Fact Sheet 10 - Ombudsman reports and adverse comments

Before the Ombudsman finalises any report that contains adverse comments about a person, she provides that person with a copy of the relevant parts of the draft report.  This requirement is set out in section 25A(2) of the Ombudsman Act 1973 (the Act) which states:

If the Ombudsman intends to include in a report under this Act a comment or opinion that is adverse to any person, the Ombudsman must first give the person a reasonable opportunity to respond to the adverse material and fairly set out the response in the report.

In some cases, some of the report may be blacked out or blank.  This is because you are only able to view the sections of the report that directly relate to you.

You now have the opportunity to provide a written response.  Your response will be considered by the Ombudsman and any defence will be fairly set out in the final report.  The Ombudsman may also decide to vary, amend or omit a section of the report in light of your response.

Can a legal advisor provide advice about responding to adverse comments?

Yes, you have the right to seek legal advice, in relation to a draft report, or part thereof.  The Ombudsman does however have the authority to direct you not to seek advice/representation from a particular legal practitioner if the Ombudsman considers the involvement of that practitioner may prejudice certain investigations and proceedings. Therefore, prior to engaging a legal practitioner you should notify the Ombudsman’s office of the name of the practitioner you propose to consult.   Should the Ombudsman consider that your nominated legal practitioner is not appropriate you will still be able to obtain legal advice, however you will be required to nominate another legal practitioner. Under the Act you will be given at least three working days to nominate an alternative legal practitioner.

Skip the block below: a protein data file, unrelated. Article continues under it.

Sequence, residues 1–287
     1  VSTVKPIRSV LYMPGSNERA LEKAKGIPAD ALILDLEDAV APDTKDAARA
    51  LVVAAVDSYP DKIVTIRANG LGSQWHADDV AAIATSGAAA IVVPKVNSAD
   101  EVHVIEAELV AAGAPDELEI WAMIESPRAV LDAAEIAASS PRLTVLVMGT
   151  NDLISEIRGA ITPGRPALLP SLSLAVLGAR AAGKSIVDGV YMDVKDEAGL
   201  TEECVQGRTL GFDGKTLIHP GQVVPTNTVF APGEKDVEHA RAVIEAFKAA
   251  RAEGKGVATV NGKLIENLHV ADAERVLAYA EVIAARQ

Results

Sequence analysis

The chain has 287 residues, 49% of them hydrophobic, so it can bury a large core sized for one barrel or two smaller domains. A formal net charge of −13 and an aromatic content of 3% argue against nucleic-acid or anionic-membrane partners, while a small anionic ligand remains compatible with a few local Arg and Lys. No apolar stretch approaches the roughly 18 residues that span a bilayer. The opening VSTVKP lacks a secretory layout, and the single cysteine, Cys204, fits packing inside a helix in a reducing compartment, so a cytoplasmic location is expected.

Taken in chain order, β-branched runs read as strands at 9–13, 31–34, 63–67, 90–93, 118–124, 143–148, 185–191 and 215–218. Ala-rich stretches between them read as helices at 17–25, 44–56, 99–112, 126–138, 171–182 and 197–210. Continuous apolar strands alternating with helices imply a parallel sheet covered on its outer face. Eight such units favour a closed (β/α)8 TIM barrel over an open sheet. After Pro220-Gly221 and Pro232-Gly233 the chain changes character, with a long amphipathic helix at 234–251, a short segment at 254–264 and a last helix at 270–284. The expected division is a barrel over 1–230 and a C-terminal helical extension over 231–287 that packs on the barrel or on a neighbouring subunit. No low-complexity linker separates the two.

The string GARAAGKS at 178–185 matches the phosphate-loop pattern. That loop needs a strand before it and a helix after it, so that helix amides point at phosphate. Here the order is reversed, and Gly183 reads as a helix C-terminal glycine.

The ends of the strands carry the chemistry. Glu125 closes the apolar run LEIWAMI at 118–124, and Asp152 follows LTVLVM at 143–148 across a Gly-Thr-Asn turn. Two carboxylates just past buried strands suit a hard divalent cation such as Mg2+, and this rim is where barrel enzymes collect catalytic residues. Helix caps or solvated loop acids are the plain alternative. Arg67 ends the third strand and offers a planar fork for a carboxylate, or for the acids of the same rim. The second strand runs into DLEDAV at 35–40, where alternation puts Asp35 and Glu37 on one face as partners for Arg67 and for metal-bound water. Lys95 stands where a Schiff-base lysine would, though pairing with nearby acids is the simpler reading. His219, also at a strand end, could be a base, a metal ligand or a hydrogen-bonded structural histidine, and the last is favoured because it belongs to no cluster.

When making your response, you should be aware of the obligation not to make any statement which you know to be false or which may, in any way, mislead the Ombudsman.  If you are found guilty of having done so, you may be imprisoned for 12 months, receive a $1,000 fine or both (sections 22 and 30 of the Act).

 

Please note: This document is intended as a guide only. For this reason the information contained herein should not be relied on as legal advice or regarded as a substitute for legal advice in individual cases. To the maximum extent permitted by the law, The Victorian Ombudsman is not liable to you for any loss or damage suffered as a result of reliance on this document. For the most up-to-date versions of cited Acts, please refer to www.legislation.vic.gov.au.

 
© Copyright State of Victoria 2016                                                                         Issue Date Sep 2016   
This work is copyright.  You may reproduce this material for your personal, non-commercial use or use within your organisation. You may distribute copies of downloaded material in an unaltered, complete form only (retaining any logos, graphical elements, sounds, images, headers and footers). Apart from any use as permitted under the Copyright Act 1968, all other rights are reserved.

Contact Details

Victorian Ombudsman
Level 2
570 Bourke Street
Melbourne VIC 3000
Phone                     03 9613 6222
Toll free                  1800 806 314
Fax                         03 9602 4761
TTY                        133 677 or
                               1800 555 677
Interpreter service  131 450